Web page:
Now for the second option, which is customising a pre-built template. In this sequence, you will be immediately redirected to a page with dozens of templates which you can choose from based on your preference. Each template has a core bunch of features, and you should have a good browse before you choose the one you want, so that you are sure it will best display your work history. You can view them before selecting one, of course.
If you’ve never created or edited a website before, the landing page might intimidate you. But don’t worry, let me break it down for you. Here’s how you can edit your site perfectly while maintaining minimal interaction with the building tools (cheeky, but it works!).
Now, on Wix, you simply need to select the portion of the page you want to edit in order to change things up. First, let’s switch that photo!
Then click on the text (wherever it is) to change it. You can select specific portions of the text, or all of it, to change the fonts, font colours, and highlights.
This particular template has a scroll-down format, but if the one you choose has separate pages for each section of the portfolio, you can use the menu on the left-hand side to navigate.
Edit the template as per your colour plate and fonts all the way through, and make sure that there aren’t any loose visuals, text, or links. There will also be a copyright mention right at the bottom of the webpage which you must edit!
Next, scroll all the way back up and check if the template comes with a built-in menu of any sort. Use the menu on the left-hand side to add or remove any sections from it as per your requirements. The template I have chosen here doesn’t have a drop down menu, just a simple layout of what the website contains. I am choosing to remove the section with the CV, as I will by putting it in a hyperlink for download (read on for a quick how-to on hyperlinking). I am also removing the blog page, as I will not be putting blogs on my portfolio. If you are a visual creative, you can add a separate page to categorise your work.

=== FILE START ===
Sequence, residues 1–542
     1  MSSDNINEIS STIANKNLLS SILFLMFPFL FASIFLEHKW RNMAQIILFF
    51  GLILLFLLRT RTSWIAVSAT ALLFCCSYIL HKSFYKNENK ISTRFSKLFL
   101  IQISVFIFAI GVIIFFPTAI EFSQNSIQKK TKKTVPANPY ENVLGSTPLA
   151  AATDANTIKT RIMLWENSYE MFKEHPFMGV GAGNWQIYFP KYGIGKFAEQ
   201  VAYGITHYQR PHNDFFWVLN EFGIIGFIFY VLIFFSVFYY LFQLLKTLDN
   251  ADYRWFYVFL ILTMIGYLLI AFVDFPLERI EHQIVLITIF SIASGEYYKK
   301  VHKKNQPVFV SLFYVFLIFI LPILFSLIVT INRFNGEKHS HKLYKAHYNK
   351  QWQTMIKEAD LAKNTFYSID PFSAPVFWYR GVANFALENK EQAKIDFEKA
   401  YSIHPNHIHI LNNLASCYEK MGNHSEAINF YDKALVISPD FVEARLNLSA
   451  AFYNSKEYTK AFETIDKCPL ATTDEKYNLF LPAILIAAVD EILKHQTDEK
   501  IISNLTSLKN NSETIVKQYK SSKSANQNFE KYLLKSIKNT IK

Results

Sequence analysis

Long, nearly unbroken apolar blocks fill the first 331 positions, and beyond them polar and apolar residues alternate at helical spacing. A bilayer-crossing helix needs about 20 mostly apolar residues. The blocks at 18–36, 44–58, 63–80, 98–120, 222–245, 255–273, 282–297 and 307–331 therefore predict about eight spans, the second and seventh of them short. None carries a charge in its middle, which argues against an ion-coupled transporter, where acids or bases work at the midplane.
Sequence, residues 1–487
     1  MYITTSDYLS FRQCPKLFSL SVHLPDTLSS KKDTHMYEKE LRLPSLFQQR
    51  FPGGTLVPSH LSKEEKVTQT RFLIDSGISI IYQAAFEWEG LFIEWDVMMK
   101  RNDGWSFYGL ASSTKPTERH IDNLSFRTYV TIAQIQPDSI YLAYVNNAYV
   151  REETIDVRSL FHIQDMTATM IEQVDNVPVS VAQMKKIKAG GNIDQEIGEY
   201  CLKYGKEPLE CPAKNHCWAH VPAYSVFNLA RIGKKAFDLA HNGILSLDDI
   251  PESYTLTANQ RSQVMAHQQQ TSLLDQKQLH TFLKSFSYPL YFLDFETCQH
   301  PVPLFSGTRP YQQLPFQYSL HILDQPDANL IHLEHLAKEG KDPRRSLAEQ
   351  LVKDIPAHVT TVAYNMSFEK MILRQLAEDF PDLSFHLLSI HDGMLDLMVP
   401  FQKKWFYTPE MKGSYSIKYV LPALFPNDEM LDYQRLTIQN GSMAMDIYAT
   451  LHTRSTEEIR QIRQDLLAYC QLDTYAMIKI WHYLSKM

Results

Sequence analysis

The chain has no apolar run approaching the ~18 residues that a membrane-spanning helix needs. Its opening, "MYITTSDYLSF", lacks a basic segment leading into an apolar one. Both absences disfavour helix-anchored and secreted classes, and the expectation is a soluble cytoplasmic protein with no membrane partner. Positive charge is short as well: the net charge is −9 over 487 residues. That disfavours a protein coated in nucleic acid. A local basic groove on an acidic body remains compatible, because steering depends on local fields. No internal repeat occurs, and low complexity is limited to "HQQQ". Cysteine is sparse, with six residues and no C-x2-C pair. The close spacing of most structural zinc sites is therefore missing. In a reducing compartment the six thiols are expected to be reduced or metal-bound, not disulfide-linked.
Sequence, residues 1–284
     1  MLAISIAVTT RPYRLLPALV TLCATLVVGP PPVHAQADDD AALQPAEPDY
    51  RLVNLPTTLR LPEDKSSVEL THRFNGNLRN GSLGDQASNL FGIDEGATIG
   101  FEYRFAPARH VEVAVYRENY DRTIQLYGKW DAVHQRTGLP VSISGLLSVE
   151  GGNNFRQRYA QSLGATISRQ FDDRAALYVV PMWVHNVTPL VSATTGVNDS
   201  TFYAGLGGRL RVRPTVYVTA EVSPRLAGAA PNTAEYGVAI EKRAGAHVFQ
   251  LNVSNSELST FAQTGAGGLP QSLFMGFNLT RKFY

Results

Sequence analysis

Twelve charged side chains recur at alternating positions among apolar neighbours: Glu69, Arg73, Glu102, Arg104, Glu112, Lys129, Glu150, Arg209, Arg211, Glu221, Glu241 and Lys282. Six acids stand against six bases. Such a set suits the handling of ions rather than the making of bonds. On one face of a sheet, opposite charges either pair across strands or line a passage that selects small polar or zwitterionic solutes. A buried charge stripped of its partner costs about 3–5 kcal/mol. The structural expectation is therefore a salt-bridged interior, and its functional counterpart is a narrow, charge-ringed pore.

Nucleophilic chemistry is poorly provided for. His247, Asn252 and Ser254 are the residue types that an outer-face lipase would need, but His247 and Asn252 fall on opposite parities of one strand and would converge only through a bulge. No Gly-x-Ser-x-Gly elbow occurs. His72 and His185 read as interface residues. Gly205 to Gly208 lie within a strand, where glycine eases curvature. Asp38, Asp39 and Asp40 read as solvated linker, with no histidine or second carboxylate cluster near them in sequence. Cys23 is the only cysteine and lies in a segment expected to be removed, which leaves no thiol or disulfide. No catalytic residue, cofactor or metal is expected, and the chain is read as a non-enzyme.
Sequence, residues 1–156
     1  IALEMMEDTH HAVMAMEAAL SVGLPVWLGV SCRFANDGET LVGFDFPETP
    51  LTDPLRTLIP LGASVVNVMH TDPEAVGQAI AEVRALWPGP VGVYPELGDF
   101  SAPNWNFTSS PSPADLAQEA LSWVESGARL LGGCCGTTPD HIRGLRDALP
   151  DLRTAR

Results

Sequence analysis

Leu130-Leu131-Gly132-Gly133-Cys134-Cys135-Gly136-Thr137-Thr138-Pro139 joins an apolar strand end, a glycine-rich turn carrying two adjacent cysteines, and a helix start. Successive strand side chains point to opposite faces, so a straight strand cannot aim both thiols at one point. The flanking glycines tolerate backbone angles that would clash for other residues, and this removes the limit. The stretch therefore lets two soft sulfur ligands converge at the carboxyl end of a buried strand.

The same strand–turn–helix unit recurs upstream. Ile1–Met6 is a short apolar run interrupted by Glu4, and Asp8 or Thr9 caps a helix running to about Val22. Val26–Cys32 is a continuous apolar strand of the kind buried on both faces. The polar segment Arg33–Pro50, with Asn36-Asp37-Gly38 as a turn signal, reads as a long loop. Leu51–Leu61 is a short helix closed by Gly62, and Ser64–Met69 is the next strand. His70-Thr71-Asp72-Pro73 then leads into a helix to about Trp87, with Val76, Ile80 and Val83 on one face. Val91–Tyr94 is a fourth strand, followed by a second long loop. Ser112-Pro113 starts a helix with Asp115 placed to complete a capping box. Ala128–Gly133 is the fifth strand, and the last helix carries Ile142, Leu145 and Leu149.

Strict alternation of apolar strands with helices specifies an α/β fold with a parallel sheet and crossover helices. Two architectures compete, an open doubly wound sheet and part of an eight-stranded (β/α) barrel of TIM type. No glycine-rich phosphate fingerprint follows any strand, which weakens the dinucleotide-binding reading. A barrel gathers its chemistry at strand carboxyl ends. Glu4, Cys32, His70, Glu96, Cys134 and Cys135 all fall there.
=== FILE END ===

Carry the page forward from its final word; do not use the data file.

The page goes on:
How-to: Hyperlink: Click on the ‘+’ button in the menu on the left-hand side, and select the ‘Text’ option. Add a line saying “Check out my resume”, or simply “Resume”. You can select the text and add a highlight to make sure it catches the eye of a potential employer. While the text is selected, you will notice the ?symbol. Click on that and select the ‘Document’ option to upload your resume straight from your device.
Now that my menu section has been pared down to just ‘Home’ and ‘Contact’, I am going to edit the latter. Once again, use the top-most button on the left-hand side menu to navigate. If there is a contact form, I would recommend removing it in favour of letting people contact you via email. Then, edit the text to show your contact details, and you’re done!